Derek Cheng talks to Jamie Strange of the Labour Party in the first of our new series Backbenchers.
What has surprised you about being in Parliament?
I think the biggest thing is just getting used to the systems. Looking after yourself, eating well. Just getting all those systems in place. [Strange later emailed to say the height of the ceilings in Parliament surprised him and he wondered how they were cleaned.]
Were you warned about the Bellamy's Bulge? (the tendency for some new MPs to put on weight at Parliament's in house eateries)
Yes, absolutely. Although Andrew Little, he said after he'd been here about six months he couldn't fit his trousers anymore for the opposite reason. They were too loose. I sort of felt the bulge a little bit but I've put some things in place to fix it early.
What issues would you like to address in a member's bill?
Something in the area of health. So look out for that.
Name a politician you admire who is not in your own party.
I admire people who speak well in the House. I think Gerry Brownlee (National) does pretty well in the House. Bill English on his day, at times. But people who can really capture people when they're speaking in the House. It takes a lot of skill to do that.
Controversial choices there. No coalition partners, I see.
Good point. Well, Winston [Peters]. I should probably say Winston. Winston in his prime is absolutely fantastic, without doubt.
Tell us about your upbringing and family? Would anything surprise us?
My mother and father had three children in their 20s, and we thought that was it. And then in their 30s, my mum decided she wanted more kids, and she managed to bring Dad around to it, and my parents when they were 47 had two more children. So there is myself and my two siblings all in their 30s and 40s and I've got two sisters who are 12. So that's quite a big gap. My mum had the twins when she was 47, had them naturally with 18 specialists in the room there. It's something that is quite unique.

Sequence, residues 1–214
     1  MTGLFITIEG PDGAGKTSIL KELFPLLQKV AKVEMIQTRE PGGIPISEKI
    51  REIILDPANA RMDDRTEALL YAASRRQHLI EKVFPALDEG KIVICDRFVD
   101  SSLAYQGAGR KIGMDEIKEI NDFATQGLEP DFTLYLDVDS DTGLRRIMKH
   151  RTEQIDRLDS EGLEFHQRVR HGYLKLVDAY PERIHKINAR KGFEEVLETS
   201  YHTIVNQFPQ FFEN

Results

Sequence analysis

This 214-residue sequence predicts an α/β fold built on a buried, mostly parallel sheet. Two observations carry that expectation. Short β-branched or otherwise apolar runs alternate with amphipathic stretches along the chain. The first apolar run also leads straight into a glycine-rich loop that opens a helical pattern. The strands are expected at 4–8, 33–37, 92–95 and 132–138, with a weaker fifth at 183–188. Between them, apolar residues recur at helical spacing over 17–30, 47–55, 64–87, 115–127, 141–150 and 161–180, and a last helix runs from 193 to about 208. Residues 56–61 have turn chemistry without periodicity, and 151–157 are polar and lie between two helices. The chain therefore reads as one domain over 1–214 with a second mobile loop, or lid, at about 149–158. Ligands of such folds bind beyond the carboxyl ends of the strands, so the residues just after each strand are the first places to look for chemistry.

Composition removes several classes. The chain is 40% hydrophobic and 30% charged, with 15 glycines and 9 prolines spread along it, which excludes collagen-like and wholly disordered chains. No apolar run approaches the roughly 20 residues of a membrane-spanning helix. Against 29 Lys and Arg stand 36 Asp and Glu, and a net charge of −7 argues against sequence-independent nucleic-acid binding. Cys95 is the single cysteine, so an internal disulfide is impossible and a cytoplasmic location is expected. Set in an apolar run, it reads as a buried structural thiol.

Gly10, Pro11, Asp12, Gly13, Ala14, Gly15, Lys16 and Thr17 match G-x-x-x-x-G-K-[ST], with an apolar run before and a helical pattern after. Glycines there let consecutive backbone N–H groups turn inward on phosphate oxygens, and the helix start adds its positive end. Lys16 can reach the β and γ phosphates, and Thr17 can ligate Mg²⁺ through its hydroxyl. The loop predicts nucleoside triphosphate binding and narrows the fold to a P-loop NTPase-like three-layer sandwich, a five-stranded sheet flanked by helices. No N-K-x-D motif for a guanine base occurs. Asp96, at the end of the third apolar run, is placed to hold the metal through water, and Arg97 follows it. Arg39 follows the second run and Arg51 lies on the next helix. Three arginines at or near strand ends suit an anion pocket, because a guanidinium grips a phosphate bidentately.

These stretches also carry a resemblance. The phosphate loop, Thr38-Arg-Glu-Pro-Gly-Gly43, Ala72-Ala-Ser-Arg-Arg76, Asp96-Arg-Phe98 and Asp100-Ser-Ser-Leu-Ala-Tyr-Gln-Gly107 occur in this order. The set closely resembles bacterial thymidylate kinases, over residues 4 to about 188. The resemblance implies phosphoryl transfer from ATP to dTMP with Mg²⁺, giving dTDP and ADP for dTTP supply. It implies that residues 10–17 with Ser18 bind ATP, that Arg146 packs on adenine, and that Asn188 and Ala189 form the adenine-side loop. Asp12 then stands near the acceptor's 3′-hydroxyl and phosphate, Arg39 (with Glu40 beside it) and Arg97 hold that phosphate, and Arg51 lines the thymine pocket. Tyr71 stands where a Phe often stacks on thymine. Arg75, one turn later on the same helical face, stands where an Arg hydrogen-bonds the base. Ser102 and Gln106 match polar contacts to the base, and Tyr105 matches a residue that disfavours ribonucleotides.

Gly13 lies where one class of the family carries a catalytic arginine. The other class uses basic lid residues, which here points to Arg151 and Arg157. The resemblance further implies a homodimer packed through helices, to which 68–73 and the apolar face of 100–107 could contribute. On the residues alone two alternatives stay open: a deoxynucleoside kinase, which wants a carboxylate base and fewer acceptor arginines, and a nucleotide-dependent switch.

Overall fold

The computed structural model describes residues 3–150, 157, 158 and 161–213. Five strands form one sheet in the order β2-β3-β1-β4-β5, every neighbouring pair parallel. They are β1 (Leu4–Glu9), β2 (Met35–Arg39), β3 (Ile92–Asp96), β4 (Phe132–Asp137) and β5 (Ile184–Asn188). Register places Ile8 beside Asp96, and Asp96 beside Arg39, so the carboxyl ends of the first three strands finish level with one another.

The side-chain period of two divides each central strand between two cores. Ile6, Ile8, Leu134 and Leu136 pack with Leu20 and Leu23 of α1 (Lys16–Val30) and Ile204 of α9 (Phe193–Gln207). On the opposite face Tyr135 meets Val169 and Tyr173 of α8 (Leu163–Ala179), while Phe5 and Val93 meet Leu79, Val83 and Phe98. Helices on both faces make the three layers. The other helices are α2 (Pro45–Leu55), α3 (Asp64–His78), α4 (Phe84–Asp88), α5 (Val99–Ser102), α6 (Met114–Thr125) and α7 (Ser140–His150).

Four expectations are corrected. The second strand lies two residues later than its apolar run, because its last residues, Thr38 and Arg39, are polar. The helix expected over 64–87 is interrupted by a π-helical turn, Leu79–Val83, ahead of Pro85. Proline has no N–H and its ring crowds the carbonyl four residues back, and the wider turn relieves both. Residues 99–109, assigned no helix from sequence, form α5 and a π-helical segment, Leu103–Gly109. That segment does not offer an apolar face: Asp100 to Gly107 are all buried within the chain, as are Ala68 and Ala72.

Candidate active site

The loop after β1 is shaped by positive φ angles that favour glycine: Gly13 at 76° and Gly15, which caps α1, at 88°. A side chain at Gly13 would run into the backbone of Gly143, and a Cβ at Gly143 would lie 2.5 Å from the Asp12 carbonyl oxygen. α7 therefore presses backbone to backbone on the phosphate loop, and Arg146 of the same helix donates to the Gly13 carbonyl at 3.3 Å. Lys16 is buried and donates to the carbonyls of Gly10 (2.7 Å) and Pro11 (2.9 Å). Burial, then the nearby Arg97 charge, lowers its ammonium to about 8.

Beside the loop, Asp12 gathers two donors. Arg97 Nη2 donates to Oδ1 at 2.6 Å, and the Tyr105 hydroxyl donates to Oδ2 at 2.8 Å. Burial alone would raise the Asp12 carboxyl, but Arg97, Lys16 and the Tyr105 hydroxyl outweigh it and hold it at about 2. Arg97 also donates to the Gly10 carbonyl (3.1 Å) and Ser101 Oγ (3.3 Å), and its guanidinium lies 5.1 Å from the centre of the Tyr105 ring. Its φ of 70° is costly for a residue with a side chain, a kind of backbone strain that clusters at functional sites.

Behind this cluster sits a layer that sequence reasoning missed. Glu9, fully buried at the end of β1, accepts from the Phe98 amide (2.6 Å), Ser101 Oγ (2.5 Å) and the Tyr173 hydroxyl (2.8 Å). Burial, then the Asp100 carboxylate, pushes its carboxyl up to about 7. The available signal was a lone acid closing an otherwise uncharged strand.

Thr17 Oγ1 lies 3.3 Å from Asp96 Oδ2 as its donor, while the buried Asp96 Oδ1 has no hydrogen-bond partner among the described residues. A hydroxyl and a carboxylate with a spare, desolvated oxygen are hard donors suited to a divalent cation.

Tell us about your punk rock era?
I've probably written about 40-odd songs and I put out an album in 2007.
Did it sell well?
[laughs] Friends and family. I've still got a few in the garage. It was good fun. The album was called Thanks for Faking It Sometimes so it was sort of a satirical look at the clichéd rock star and the title song Rock Star Clone really sums that up.
Your videos featured a mannequin and a dwarf. What was that about?
The mannequin was basically representing the plastic-looking girlfriend rock stars often have. The short guy was one of my friends and in the films he's my manager.
The mannequin – I forgot about her. Kate Brightstar. I bought her from a store called Brightstar and just named her Kate.
I felt a bit guilty – I sold her on Trade Me to a truck driver. He said he has to do long trips and he wanted a companion. I haven't heard from her in a while, but I'm sure she's doing fine.
Would you like to see more te reo Maori spoken in New Zealand?
Absolutely. When I was a school teacher, I tried to bring it into my lessons as much as I could. I would like to speak more.
What is your view on the euthanasia bill?
I voted against it and the reason I voted against it, number one is around the sanctity of life. But I think there's a key point round our doctors and the palliative care sector. They're in that sector because they want to make people get better. If we give power to people to say to them 'I want you to end my life' then we are basically disempowering those doctors and those working in that sector. We are saying to them we no longer want you to do the job you are there for, to heal people. Also I potentially see it as a slippery slope. Laws do tend to slide over time so I'm just a little bit concerned about that.
How will you unwind this summer and where?
Spending time with family. In this job you do have periods of time away from family so I'm really looking forward to spending time with my four young children and my wife. We'll be mainly in Hamilton. Hamilton is just such a great place for kids – the best playgrounds in New Zealand.
Tell us about a special beach or place you holidayed at as a child.
We shifted to Hamilton when I was 9 and every second Christmas we'd hop in our car at 2am, drive to Wellington, hop on the ferry, go across to Nelson and arrive at Collingwood just out of Nelson at around 4pm. We'd stay on the farm with the family and there's a river that goes through the farm and you can catch whitebait there. So I remember my dad catching sacks when I was young. You can still catch a bit. So having whitebait fritters with the family, caught from the river is a really good childhood memory.
NAME: Jamie Strange
LIST MP based in Hamilton East
OCCUPATION: Former music teacher